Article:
But all this makes me furious. It´s all a waste of resources, and we can´t afford to waste our resources any more. And my fury gave me a valuable insight, and you might laugh at me, and you are rightly doing so, for it is that simple.
I am a smith. Smiths have made this world. It was blacksmiths that made the first bicycles. Why the f*** do I think I cannot at least try to repair my frame?
So I started to think. The seattube cracked above the weld. The weld as a presumeably weak spot came out okay, and part of the tube was still attached. The aluminium used in the frame has a tensile strength of roundabout 370 N/mm². The epoxy glue I use for my knife handles has roundabout 180 N/mm² of tensile strength. If I fit in a tube with a hole for tension release and a clamp slot identical to the slot in the seat tube and use an expanding broach for reaming the inner diameter to fit a smaller-diameter seatpost, which by coincidence lay on my shelf doing nothing, that should do the trick... but where to get a tube? I almost laughed, the solution was that simple: From an old seat post I hacksawed off the clamp, which was broken anyway, drilled a tension release hole, sawed the slot and filed it to fit. Since I have no seat tube reamer I went to Dennis´shop. Felix, the mechanic was so kind as to do the job and making some more valuable suggestions-for free. Back home, I glued the tube in with epoxy and used glass fibre mat and epoxy to wrap the seat tube. I think I´ll add another layer, just for safety, then I´ll paint it black and it´ll be almost like new.
Another story was that he got some wooden skis for Chrismas one year... he built a ramp with his friends and broke off the tips of the skis the next day. So no skis. What to do? He simply cut some wood and built his own. They were not straight, and the tips sometimes got stuck in the snow, for he hadn´t been able to bend them properly, but they did the job, and he loved them. The next skis he bought himself in the 60´s.
What I want to say is, In "them days" people were not anxious about their material. They cared about it, of course, but it was not a matter of life and death, because they new they could come up with a solution. They did not think digitally, but looked astray from the beaten path for solutions. There were more answers than "1" or "0" or permutations thereof. You had friends and family and made do, even under circumstances that were not ideal. It was not the bike that made the man, but the man that made the bike (or the skis).
I have learned a lot by this mishap. I still would like it had rather not happened. But it had. My repair is certainly not state-of-the art, and might even fail some day soon, but it felt empowering to again get out into the woods by my own devices.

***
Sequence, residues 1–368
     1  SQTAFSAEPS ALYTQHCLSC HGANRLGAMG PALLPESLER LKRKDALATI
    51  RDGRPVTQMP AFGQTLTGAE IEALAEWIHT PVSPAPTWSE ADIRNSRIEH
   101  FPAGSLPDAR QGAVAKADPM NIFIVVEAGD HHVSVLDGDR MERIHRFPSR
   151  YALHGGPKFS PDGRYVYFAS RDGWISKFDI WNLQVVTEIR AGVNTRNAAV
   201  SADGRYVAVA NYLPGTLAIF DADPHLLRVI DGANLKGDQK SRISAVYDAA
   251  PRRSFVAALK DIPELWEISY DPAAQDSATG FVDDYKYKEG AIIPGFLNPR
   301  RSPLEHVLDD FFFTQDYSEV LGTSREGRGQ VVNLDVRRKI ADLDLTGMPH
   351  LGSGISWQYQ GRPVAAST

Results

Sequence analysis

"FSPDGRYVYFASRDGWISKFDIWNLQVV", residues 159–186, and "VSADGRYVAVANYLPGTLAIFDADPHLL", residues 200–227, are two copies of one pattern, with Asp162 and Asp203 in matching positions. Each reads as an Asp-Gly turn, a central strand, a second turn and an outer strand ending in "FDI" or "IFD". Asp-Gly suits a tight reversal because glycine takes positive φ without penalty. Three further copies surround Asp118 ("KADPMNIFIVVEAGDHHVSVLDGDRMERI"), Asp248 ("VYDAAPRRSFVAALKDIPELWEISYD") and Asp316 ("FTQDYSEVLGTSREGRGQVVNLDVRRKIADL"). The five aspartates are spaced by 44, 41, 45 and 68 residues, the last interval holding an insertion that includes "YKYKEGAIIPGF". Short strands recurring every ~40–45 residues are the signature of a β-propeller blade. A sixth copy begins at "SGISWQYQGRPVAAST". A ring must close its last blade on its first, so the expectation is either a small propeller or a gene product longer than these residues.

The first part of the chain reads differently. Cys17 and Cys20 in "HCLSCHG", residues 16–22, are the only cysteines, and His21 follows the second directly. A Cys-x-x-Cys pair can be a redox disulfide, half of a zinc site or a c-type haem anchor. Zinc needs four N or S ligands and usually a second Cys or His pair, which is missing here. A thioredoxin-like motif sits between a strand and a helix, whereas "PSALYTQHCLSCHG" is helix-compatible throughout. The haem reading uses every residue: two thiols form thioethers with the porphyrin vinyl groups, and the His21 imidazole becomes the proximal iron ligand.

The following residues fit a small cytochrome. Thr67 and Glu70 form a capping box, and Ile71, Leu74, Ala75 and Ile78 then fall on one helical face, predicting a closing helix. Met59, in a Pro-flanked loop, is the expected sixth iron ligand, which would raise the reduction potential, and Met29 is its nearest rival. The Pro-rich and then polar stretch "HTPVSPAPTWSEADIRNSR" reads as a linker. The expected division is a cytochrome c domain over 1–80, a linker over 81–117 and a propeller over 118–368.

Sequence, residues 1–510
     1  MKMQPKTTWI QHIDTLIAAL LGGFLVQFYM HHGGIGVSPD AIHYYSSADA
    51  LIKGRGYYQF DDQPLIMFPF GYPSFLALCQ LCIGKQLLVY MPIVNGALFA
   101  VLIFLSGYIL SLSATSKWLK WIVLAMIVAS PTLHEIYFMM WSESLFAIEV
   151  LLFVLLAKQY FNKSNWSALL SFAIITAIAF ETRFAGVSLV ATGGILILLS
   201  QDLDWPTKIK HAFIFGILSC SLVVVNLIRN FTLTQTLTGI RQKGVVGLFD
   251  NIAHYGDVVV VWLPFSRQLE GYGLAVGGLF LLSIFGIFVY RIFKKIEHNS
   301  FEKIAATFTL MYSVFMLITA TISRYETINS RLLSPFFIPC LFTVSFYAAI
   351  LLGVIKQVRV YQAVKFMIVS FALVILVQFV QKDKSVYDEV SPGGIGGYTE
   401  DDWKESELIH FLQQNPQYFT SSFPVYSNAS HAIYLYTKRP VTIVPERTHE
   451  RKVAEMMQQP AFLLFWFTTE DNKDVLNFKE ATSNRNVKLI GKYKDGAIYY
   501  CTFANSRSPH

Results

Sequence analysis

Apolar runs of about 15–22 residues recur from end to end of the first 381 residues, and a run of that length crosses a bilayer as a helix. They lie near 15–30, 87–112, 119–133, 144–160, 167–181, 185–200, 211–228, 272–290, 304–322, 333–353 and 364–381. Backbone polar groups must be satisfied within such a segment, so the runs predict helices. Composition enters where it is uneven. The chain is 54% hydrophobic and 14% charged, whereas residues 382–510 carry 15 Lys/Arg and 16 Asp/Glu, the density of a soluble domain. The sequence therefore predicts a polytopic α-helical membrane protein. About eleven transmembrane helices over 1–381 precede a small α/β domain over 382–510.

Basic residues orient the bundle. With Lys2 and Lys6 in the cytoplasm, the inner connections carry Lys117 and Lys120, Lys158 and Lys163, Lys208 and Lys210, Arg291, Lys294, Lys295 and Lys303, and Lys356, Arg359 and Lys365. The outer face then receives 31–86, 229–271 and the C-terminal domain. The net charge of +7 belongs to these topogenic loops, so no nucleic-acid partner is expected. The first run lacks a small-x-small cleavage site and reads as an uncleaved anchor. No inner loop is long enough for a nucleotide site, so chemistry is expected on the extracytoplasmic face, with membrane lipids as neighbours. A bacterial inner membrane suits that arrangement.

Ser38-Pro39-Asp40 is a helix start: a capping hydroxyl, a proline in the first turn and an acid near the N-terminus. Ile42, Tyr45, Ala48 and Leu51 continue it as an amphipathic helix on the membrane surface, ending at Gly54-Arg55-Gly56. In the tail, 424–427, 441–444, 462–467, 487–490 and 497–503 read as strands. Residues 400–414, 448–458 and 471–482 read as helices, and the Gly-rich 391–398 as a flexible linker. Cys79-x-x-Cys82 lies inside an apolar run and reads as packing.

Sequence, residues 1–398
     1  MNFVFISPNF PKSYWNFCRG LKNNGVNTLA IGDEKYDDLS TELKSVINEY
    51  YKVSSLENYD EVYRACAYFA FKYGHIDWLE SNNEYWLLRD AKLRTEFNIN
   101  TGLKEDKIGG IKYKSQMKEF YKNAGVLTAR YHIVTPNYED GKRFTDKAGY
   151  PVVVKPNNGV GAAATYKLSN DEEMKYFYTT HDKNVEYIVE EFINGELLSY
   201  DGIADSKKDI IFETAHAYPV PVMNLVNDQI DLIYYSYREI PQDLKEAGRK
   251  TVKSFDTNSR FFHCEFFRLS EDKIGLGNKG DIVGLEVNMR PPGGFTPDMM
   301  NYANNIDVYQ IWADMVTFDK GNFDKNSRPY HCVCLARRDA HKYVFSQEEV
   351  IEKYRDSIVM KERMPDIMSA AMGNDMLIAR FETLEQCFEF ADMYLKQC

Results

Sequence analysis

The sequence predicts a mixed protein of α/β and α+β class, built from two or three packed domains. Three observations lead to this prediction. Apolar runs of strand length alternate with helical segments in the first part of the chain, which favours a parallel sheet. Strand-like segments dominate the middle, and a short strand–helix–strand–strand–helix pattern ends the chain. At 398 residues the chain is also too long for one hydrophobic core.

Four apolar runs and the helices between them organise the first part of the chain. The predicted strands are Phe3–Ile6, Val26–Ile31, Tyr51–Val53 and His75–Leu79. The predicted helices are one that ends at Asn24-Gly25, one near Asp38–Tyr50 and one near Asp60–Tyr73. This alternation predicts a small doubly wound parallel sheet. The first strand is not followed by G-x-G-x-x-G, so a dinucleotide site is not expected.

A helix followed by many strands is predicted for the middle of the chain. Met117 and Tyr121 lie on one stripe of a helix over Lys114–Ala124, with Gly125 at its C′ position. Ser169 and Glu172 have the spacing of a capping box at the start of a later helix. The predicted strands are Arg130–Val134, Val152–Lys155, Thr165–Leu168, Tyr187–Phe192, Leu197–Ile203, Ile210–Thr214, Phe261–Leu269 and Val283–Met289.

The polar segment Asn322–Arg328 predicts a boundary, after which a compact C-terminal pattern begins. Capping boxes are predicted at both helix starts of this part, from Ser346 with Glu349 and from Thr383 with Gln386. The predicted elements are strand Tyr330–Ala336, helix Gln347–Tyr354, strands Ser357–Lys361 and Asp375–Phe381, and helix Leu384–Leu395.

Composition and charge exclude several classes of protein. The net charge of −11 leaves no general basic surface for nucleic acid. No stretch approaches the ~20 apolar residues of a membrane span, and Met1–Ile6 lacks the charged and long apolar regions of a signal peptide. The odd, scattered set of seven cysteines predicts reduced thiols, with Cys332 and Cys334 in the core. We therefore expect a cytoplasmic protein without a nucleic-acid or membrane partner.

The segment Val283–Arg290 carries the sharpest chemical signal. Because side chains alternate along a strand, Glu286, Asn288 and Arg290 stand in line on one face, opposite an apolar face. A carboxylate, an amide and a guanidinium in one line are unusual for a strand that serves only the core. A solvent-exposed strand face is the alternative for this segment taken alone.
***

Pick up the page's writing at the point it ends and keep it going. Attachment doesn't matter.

For I was in for one last surprise. And I have to apologize to a friend. In the last years I had the impression that Moritz was a bit superfluous and chance is, he actually is. He is a different sort of human being, at least compared to my own life, and that sometimes leads to misconceptions. Yeah, I enjoy talking to something less grave and just chatting away about bikes and girls and drink and whatnot, but since I often have to think very grave thoughts and have to carry a lot of responsibilities (all my fault, really), I did not think much of his reliability. What arrogance on my part! When he learned I was without a bike and he told some tall stories about how he would organize something I therefore did not think much of it.
When I returned from a cool ride with a good coffee at the trailhead café, and unlocked the door...
... there was a derailleur hanger for a 2011 Orange Crush sitting on my mat. It was put there by Moritz, who had managed to achieve the impossible. This gives him much credit as a bike mechanic (he works for Reuber bike shop in Dortmund), but more so as a human being.
I also want to acknowledge Henning, who is a smith with Ahlhauser Hammer and who offered me his own bike as a bailout spontaneously after reading about it on my blog. In general, the offers of help and the kind words I got from my friends and readers was overwhelming.
And this is what remains to be said in this post: Those are things that count.
It may sound a bit far-fetched, but: For most humans life is a shitty place these days. Some few foul up the lives of so many at the moment. Many people suffer, and are far worse off than just having a tiny crack in their bike frame. People are hopeless, homeless, depressed, disoriented and desperately seeking for values. There is a lot more to be fixed than just a bicycle frame. What one person can do just so much. And sometimes fixing a bike frame can help you understand bigger things.
And, as strange as it may seem, the simple things remain untouched. Friendship. Love. Trying your best and hoping for the best.
And as long as these things exist, there will always be hope. We can still make it work.
Thank you, my friends, for you have given me more than just repairing a bike.